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Alongside other tree species like oak, sycamore and pine, the walnut is one of the symbols of the World Tree. In traditional belief, in winter the Sun is in its roots, so it is cold. The walnut tree is also seen as the passage from this to the next world. On Pentecost or the Holy Spirit, women would gather walnut leaves to place on graves. They believed that the souls wandered around the world of the living until the 40th day after Easter and on Pentecost returned to the world of the dead. The green leaves of the walnut tree were believed to give the dead peace in the netherworld. Walnut twigs would be taken to church for the congregation to kneel on during service in the belief this would help them see and hear their deceased loved ones.
The walnut tree is one of the spring symbols of nature reborn. Expressions like “green walnut tree growing” and “walnut tree swaying” are words heard often in folk songs. They tell us that under the walnut tree rebels would gather before “taking to the forest”. Or goldsmiths and silversmiths to prepare wedding gifts. Even though the dense shadow cast by the walnut tree is mentioned often in folk songs, it is believed that people must not sleep or even take a rest in its shade. Especially at night when “evil airs” and wood-nymphs gather, and if you do remain in the tree’s shadow you will be assailed by disease. This belief may be connected with the fact that few plants thrive under the leaves of the walnut tree. The reason – walnut tree leaves produce a substance that is toxic to other plant species and that finds its way into the soil with the rain.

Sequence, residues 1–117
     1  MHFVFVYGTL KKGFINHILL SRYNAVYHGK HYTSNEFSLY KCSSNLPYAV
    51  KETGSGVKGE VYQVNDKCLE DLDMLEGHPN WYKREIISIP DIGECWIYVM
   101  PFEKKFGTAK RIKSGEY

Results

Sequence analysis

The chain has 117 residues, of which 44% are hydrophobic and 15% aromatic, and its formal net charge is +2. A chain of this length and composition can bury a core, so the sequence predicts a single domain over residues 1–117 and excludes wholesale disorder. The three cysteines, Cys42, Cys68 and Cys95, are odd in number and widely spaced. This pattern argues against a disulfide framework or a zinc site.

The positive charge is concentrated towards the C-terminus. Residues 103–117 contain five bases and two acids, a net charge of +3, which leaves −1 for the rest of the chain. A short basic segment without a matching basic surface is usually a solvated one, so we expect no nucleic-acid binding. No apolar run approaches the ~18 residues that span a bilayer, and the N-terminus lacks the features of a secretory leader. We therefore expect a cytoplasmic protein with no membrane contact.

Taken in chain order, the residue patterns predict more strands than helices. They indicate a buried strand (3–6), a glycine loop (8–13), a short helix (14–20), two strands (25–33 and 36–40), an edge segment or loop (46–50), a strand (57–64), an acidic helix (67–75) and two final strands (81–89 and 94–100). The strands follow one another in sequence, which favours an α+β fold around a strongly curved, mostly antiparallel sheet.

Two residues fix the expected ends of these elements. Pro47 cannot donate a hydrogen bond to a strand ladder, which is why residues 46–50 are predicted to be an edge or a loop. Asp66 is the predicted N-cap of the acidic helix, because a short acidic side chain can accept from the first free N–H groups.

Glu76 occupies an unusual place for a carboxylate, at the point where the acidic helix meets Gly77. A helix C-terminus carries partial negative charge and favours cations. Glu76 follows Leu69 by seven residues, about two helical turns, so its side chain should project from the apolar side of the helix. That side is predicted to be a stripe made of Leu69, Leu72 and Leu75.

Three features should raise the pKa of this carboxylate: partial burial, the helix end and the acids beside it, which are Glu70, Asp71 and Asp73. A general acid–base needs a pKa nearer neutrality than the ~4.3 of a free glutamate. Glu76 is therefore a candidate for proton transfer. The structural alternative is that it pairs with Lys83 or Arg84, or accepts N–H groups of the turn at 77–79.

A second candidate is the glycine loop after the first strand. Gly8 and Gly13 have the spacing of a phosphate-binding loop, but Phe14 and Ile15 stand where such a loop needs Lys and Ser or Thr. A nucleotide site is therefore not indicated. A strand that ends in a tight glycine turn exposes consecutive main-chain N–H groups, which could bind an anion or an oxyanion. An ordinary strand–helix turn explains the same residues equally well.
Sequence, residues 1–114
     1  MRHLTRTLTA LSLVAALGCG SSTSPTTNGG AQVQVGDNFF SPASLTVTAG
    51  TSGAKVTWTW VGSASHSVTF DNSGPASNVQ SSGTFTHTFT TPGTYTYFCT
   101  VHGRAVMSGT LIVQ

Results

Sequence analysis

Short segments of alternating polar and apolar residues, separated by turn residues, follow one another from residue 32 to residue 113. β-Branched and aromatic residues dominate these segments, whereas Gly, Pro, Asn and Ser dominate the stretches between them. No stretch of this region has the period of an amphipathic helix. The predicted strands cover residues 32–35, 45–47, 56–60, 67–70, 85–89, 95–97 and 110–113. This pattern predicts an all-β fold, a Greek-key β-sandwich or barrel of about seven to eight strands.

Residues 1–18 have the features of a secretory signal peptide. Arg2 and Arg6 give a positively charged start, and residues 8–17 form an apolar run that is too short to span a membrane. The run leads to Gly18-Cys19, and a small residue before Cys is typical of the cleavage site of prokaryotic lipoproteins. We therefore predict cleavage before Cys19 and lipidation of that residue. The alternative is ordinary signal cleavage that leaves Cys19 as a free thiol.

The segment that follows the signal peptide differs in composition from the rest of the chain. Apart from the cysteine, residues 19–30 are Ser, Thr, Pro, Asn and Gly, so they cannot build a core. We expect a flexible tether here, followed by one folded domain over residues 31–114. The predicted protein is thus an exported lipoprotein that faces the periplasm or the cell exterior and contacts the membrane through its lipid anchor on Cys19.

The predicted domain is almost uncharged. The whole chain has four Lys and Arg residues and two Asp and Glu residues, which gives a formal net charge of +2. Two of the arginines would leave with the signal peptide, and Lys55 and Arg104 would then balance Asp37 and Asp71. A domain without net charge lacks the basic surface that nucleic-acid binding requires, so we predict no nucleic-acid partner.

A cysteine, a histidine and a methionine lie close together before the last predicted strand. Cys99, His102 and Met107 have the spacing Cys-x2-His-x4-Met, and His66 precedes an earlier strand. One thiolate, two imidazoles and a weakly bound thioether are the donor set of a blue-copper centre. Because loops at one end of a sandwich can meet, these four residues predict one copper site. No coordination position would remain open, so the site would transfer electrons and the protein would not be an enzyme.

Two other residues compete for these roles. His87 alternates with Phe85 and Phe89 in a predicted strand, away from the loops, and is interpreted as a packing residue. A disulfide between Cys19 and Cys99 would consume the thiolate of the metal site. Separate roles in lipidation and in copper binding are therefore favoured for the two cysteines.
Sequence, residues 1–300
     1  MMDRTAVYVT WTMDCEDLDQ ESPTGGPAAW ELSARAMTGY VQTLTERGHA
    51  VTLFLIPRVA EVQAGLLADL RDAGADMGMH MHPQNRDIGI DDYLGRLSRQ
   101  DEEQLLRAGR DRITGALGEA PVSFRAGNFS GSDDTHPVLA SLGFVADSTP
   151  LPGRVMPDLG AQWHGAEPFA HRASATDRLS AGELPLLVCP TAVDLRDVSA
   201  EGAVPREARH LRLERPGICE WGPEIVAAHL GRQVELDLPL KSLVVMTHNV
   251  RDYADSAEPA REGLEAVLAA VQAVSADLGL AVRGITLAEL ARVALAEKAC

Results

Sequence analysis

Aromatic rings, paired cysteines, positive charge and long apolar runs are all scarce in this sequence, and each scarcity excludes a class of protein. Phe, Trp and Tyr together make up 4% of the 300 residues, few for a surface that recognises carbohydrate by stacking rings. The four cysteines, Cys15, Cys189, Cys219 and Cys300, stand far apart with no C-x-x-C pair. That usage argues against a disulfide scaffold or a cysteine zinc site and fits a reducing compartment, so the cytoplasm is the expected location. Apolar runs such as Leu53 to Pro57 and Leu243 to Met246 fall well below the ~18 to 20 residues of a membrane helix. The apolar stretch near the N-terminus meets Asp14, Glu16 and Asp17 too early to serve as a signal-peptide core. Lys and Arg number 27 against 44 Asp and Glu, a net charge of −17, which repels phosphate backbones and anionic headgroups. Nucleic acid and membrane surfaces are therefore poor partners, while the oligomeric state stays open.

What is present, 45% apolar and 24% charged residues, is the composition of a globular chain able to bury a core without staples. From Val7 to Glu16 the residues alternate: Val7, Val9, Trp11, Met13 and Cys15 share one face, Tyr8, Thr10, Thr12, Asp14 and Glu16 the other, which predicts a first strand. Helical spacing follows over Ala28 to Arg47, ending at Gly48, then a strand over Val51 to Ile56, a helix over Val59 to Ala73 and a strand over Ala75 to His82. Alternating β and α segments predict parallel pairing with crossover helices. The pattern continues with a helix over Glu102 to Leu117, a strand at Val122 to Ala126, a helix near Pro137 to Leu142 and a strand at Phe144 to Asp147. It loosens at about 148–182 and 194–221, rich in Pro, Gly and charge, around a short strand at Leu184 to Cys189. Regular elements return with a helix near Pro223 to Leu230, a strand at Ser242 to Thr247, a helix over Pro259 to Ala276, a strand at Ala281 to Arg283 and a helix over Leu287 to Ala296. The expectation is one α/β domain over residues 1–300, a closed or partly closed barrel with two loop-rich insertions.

There is a belief that has survived to this day that the walnut tree will tell you how long you will live – if you plant a walnut tree you will die when its trunk has grown as thick as your neck. To avoid this, men would place their waist-bands on the ground so as to form a circle and dig a hole in the middle for the sapling. In some parts of the country a hoop was used instead of a waist-band.
In folklore tradition, walnut trees are seen as symbolizing two very different things – danger but also health. On Christmas Eve, the food is not to be thurified if there are no walnuts on the table. Later they are used to predict the future – what the coming year will be like. Walnuts are also given to carol singers and survakari when they make the rounds of the village.
The walnut tree leaves are believed to have magical powers – they are capable of separating the cow from the bull, the woman from the man, the lass from the dragon. The foliage keeps dragons and wood-nymphs away, so during the week after Pentecost called Rousalska Nedelya every unmarried lass or young bride would carry walnut leaves and wormwood next to her bosom.
The tree was widely used in every day life as well as in traditional medicine. Its wood is sturdy and beautiful to look at after it is varnished. It was used to make furniture, different musical instruments (or parts of them) as well as iconostases. To this day many women put walnut tree leaves inside clothes instead of mothballs. Walnut tree leaves are also put in the water used to bathe newborn babies – a traditional remedy against bone deformities at an early age. The walnuts themselves are used in traditional medicine as part of different patent medicines – along with honey, garlic etc. Walnuts are also used to make delicious jam which is very popular across the country.